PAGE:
What We Need Most From Marriage

Need Most From Marriage

What if one of the things we need most from marriage is something we don’t want?

One of the things I love about marriage is that it can lead us to places where we will be all but forced to rely on God like we never have before.

My friend Rett gulped deeply when the doctor told him that his wife Kristy had to have a particular operation that could keep her in bed for several days and require special care for a few weeks after that.

Rett is a cognitive man, a brilliant lawyer, but he tends to live in his head with concepts and arguments and a quick wit. He makes a good living and can hire people to do what he doesn’t want to do. He’s not used to playing the role of a nurse, which is what he knew he would have to be doing for his wife.

On the way home from the doctor’s office, Rett blurted out, “I don’t know if I can do this!”

“What do you mean?” Kristy asked. “I’m the one getting the operation!”

“I mean, I don’t know if I can be that low maintenance. I’m high maintenance. Tank (their dog) is high maintenance. The only reason our marriage works is because you’re low maintenance and you hold everything together.”

It’s Surprising What We Need Most From Marriage

Marriage is a long journey—long enough so that eventually even the lower maintenance spouse is going to be at least temporarily high maintenance. While many might see this as a curse to bear, this actually can be seen as a gift if the normally higher maintenance spouse views such seasons as opportunities to step up and switch seats, becoming the primary caregiver, perhaps even becoming a different kind of person.

Ruts are comfortable, but limiting. They stifle personal and spiritual growth. Marriage sometimes forces us out of those ruts so that we are invited to grow in areas in which we may not want to grow, but in which God is eager for us to grow.

In case you’re wondering, Kristy gave Rett a glowing report about stepping up, though she admitted he was rather relieved when one of her relatives finally flew into town and took over.

Here’s the key: Marriage presented Rett with a situation he would never have chosen on his own. Rett didn’t choose marriage to learn how to become a nurse—part of his attraction to Kristy was the fact that she was so low maintenance—but that’s what he had to do now that he was a husband. Marriage called him to step up outside of himself, depend on Christ, and in the process become more like Christ.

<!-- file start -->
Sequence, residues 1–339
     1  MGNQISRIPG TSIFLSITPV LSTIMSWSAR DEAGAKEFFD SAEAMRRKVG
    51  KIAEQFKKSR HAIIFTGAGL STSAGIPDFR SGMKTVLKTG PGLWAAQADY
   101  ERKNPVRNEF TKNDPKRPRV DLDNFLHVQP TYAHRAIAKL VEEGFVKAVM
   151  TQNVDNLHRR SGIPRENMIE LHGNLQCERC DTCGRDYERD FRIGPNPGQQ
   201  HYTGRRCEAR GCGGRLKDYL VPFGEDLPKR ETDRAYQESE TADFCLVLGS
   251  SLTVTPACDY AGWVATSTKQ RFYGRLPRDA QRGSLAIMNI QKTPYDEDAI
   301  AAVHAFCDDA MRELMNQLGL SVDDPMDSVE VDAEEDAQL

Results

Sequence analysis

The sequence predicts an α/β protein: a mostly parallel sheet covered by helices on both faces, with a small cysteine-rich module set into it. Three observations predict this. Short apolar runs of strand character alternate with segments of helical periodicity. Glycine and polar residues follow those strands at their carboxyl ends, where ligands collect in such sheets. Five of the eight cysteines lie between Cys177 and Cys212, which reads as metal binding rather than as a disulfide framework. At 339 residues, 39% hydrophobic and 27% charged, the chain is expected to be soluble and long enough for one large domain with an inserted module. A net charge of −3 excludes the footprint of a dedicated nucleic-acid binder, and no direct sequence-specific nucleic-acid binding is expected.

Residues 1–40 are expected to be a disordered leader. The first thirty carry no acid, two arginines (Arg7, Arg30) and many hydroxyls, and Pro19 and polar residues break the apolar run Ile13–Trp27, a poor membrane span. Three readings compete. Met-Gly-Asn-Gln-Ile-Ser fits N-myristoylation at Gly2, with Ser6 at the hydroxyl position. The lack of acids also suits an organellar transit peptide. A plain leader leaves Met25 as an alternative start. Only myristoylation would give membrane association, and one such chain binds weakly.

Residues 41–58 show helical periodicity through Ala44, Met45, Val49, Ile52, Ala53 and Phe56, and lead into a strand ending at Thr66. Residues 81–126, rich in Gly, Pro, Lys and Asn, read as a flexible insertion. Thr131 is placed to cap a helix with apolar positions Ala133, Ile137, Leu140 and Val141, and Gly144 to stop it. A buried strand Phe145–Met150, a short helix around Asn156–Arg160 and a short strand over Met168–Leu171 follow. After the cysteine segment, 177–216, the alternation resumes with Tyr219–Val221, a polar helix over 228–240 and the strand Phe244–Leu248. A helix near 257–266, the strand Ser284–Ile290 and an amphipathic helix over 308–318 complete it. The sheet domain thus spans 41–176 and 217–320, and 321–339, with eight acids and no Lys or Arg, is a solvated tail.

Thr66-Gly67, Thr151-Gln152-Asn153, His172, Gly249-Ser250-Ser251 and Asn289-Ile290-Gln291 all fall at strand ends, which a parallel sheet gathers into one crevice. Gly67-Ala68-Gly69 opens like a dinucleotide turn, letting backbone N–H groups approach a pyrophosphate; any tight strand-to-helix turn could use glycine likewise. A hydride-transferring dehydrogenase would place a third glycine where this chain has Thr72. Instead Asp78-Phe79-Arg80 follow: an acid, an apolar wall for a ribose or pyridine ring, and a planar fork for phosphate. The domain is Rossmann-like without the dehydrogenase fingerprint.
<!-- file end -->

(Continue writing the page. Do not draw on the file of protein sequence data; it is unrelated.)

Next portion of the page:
Rett followed and appreciated Christ the teacher, but Jesus wasn’t just a teacher. Christ touched the lepers, healed a woman who had been bleeding for years, and regularly made time out of His schedule to attend to the physical needs of those He loved. To put it in language Rett can now understand: Christ on earth wasn’t just cognitive; He was also caring. For Rett to become more like Christ, he had to grow in the same area. He’s got the cognitive down—you’re not going to trick him with false doctrine—but can he learn to care?

Ask yourself, what if marriage is supposed to be difficult on occasion so that we are forced to learn to rely on God’s Holy Spirit and become a different kind of person?

What if God is more concerned about our “practical atheism”—saying we believe in Him but rarely relying on Him—than He is about how easy our marriage might be at any given moment? That may be what we need most from marriage.

What if half of our frustration in marriage results from the fact that we want it to be easier but God wants us to become more mature?

Consider what your marriage may be calling you to today that you don’t feel capable of doing on your own. Instead of saying, “This is just too hard,” or “This just isn’t my gifting or calling,” or “That’s not why I got married,” invite God to transform you into a different kind of person.

Be bold; hold God to His word: “Lord, You promise to give the weary strength. I am bone weary. You promise to give power to one who lacks it. I feel powerless. You promise to give the ignorant wisdom. I am clueless about what to do.”

Instead of running from the difficulties of marriage, let’s allow them to teach us the glory of spiritual dependence on God. Let’s accept the invitation to become a different kind of person. It may not be what we want of our marriage, but it may, in given seasons, be what we most need from our marriage.

This article about what we need most from marriage originally appeared here.

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Gary Thomas is writer-in-residence (and serves on the teaching team) at Second Baptist Church, Houston, Texas and author of 18 books that have sold over a million copies worldwide and have been translated into a dozen languages. He and his wife Lisa have been married for 30 years. Please visit his amazon link.